April 25, 2014 § 6 Comments
While in New Orleans, I discovered that Susan spent a good deal of time in the Big Easy and was evidently very socially active there. One of her visits was announced in the January 9, 1910, Daily Picayune :
Mrs. Susie Lawrence Dana of Springfield, Il., is spending a short time in New Orleans and after a short stay at the St. Charles Hotel, is the guest of her cousins, Mrs. George Halbert and Mrs. J. M. Latimer, 1511 Polymnia.
I couldn’t resist investigating, and, thanks to the helpful staff of the New Orleans Public Library, I discovered that Susan’s cousin’s home is still standing on a shady New Orleans street. Of course, I got a picture to share with you.
The fate of the St Charles Hotel was not as positive. An urban shopping/office mall looms on the spot where the hotel once stood. However, I did discover that it was an elegant place to stay in 1910. Click here to read the fascinating history of the New Orleans St. Charles Hotel.
The news story that reveals most about Susan’s relationship with New Orleans was in the May 26, 1912, society column of the Daily Picayune. It read:
Cards have been received by friends in New Orleans announcing the marriage of Mrs. Susan Lawrence Dana to Mr. Lawrence Joergen-Dahl, on Tuesday, March 19, in Philadelphia, Pa. [For details, see Chapter 10 of Susan Lawrence: The Enigma in the Wright House] At home after the 1st of December, Lawrence House, 327 East Lawrence Avenue, Springfield, Ill. The bride, who has visited New Orleans a number of times, is the cousin of Mrs. George Halbert, Mrs. J.M. Latimer and Mrs. Elizabeth McAllister White. She is a very charming and cultured woman, and has traveled extensively in this country and abroad. Mr. and Mrs. Joergen-Dahl are traveling in Europe for the summer and will on their return go to Indianapolis, the latter’s home since her childhood. During her different visits to New Orleans the bride made a number of friends who will be greatly interested in the announcement of her marriage.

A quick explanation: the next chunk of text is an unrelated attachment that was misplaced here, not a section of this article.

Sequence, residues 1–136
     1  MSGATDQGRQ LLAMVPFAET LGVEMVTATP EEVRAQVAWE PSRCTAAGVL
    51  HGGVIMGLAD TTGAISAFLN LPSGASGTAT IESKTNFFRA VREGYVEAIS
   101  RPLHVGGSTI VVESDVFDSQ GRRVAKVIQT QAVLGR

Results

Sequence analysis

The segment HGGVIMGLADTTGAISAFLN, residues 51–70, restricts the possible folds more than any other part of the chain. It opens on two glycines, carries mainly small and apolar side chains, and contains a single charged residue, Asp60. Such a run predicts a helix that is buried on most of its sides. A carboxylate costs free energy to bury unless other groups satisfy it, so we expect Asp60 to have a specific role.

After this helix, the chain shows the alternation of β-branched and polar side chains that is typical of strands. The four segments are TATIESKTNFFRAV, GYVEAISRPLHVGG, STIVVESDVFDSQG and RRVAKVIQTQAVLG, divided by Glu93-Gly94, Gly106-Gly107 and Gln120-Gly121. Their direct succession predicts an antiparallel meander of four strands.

We can draw two conclusions from this story. First, no proof reader at the Daily Picayune checked the reporter’s work. If one had, Susan would not have been moved from Springfield to Indianapolis by the end of the paragraph. Second, Susan certainly made an impression on New Orleans society.
April 12, 2014 § 4 Comments
In Chapter 3 of Susan Lawrence: The Enigma in the Wright House I wrote:
Easy travel was a relatively new concept in the 1890s. At the beginning of the 19th century, rivers, canals, and horse-drawn coaches were the primary modes of transportation in America. The emergence of the train provided speed and the ability to travel regardless of the weather. With the addition of Pullman’s sleeping cars and the new concept of dining cars, those who could afford it moved from one city to another in luxury…The Lawrence/Dana family took advantage of the convenient and comfortable way to travel the country…In February of 1895, Susie, her mother, and [her husband] Edwin attended the Mardi Gras in New Orleans.